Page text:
The aura of Raiders quarterback Jim Plunkett is a powerful one among Raider Nation. Some believe that he belongs in the Pro Football Hall of Fame, but does he?
Keep in mind that this piece is not about whether Plunkett does or does not belong in the Hall. Instead, I want to look at whether or not his career accomplishments are truly worthy of Canton, Ohio.
Why are Jim Plunkett’s accomplishments worthy?
Those two Super Bowls…
Plunkett’s victories in Super Bowls XV and XVIII give you an obvious answer on whether he’s worthy. His first Super Bowl in 1980 also had him win the NFL’s Comeback Player of the Year. To date, he’s the only quarterback to win multiple Super Bowls (excluding Ben Roethlisberger and Tom Brady) to not be enshrined in Canton.
The aforementioned 1980 season was one for the ages. In fact, it still ranks as one of the finest examples of a backup quarterback coming off the bench and leading his team to a championship in the same season. As a side note, only Jeff Hostetler in 1990, Kurt Warner in 1999, and Tom Brady in 2001 have accomplished the same feat.
That season, Oakland started 2-2 with starter Dan Pastorini going down with a broken leg in the fifth game. The Raiders lost that game, but it didn’t derail the season. With Plunkett at the helm, the Silver and Black won the next six games and finished the season 11-5.
Jim Plunkett picked things up when Pastorini went down
Despite never playing in a postseason game before, Plunkett guided the team to three straight wins, including two on the road to get to Super Bowl XV. Their opponent was the Philadelphia Eagles, a team that had beaten the Raiders 10-7 in Week 12, mainly by sacking Jim eight times. Plunkett’s MVP performance that day was highlighted by 13 completions on 21 attempts for 261 yards and three touchdown passes. He threw no interceptions.
In the process, he became the first minority quarterback to win a Super Bowl game. To date, he is the only Latino to win the MVP award and he remains just one of four Heisman Trophy winners so honored. In 1983, Plunkett started the season as the starter but was benched for ineffective play following a loss to Seattle in Week 7. Backup Marc Wilson started the next three games but was injured in Week 10 against Kansas City. Plunkett once again rose off the bench and the team not only beat the Chiefs that day but the ‘comeback kid’ also led the Raiders to five wins in his next six starts to finish the year 12-4.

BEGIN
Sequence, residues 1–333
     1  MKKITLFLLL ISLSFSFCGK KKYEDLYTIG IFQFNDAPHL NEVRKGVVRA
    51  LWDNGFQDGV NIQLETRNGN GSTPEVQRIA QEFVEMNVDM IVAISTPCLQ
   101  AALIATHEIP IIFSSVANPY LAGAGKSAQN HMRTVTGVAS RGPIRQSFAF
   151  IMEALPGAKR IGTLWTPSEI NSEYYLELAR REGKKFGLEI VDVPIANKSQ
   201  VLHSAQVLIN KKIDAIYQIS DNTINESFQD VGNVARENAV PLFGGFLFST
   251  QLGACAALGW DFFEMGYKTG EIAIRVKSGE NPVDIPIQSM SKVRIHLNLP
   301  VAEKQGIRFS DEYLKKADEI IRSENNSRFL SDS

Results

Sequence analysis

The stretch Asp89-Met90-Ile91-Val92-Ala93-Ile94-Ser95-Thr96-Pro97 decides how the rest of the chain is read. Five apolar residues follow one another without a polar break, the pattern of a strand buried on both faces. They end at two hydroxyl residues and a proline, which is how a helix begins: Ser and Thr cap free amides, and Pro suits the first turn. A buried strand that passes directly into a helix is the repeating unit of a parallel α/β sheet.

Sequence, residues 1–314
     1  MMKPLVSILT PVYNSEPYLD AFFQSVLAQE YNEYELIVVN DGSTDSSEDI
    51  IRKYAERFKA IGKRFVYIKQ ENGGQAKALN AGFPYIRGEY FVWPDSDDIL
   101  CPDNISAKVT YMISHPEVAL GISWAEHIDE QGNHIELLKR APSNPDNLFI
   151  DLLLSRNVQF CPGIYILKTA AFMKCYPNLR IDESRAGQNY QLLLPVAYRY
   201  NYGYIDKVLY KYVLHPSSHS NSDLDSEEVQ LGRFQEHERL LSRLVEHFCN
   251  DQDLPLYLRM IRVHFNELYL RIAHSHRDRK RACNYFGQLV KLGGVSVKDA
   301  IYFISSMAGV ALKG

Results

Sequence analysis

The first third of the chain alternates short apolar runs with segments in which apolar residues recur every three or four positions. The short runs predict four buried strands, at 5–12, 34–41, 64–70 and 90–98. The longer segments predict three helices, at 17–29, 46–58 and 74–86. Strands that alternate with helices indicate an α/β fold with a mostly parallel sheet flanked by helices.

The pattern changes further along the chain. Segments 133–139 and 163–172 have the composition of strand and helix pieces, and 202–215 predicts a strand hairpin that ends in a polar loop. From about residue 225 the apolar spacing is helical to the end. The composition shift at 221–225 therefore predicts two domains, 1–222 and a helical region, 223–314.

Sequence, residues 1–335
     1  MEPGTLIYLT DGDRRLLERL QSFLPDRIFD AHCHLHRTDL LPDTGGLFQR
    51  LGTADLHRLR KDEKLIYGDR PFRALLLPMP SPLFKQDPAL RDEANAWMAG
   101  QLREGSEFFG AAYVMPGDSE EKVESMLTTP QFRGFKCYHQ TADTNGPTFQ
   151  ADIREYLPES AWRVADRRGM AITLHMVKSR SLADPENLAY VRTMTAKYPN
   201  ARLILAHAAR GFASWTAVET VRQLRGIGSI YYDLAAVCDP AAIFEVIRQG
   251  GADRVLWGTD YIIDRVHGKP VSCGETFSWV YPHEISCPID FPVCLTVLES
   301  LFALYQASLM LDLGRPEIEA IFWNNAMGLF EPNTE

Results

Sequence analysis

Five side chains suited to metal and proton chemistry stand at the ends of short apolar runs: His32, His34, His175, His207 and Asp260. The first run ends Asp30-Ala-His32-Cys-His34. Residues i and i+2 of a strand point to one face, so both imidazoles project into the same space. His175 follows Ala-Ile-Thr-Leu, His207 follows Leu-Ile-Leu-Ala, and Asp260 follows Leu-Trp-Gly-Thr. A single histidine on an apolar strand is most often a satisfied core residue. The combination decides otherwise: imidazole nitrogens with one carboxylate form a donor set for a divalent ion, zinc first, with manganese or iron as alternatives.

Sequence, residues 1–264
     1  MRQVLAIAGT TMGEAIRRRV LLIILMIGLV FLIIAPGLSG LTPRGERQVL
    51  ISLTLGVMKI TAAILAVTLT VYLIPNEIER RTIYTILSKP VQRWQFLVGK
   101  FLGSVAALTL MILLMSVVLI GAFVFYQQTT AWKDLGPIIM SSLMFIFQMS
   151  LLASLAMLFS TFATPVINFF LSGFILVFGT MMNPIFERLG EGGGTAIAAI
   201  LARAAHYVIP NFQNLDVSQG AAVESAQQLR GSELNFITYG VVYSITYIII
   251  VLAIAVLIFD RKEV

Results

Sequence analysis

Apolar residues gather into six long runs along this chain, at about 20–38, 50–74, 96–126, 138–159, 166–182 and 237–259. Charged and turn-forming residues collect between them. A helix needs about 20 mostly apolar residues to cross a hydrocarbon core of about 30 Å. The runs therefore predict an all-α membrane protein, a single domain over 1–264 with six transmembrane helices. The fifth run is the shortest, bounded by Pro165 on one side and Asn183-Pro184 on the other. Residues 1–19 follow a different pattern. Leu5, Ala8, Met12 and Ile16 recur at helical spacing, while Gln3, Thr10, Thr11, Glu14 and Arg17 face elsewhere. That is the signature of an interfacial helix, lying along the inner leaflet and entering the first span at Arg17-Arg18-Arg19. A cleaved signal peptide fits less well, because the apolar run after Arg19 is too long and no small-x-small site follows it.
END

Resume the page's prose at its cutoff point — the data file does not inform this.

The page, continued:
The second Super Bowl run
Plunkett followed two solid performances against Pittsburgh and Seattle during the 1983 postseason with another Super Bowl. Once again, the Silver and Black routed their opponents in the big game. He finished the day with 16 completions on 25 attempts for 172 yards and no interceptions. A lone touchdown toss to Cliff Branch capped off one of the better performances by any quarterback who has won multiple Super Bowls. Plunkett still possesses the second-highest quarterback rating (122.8) behind Joe Montana’s 127.8 in terms of starting at least two Super Bowls. In addition, both men remain the only passers with multiple Super Bowl starts to finish with zero interceptions.
Why are Jim Plunkett’s accomplishments not worthy?
If it were not for the Super Bowl wins, Plunkett’s career would likely be just as forgotten as the careers of Pastorini or Joe Kapp are to us today. Statistically, he finished with 198 interceptions and only 164 touchdown passes. He never finished a year as the NFL’s Most Valuable Player and Jim never received a Pro Bowl nomination. Critics can also point out that Plunkett never made All-Pro (first or second team). Furthermore, with a career completion percentage that just barely exceeds 52%, it’s easy to see that Plunkett does not rank among the top quarterbacks of his era despite the two Super Bowl rings.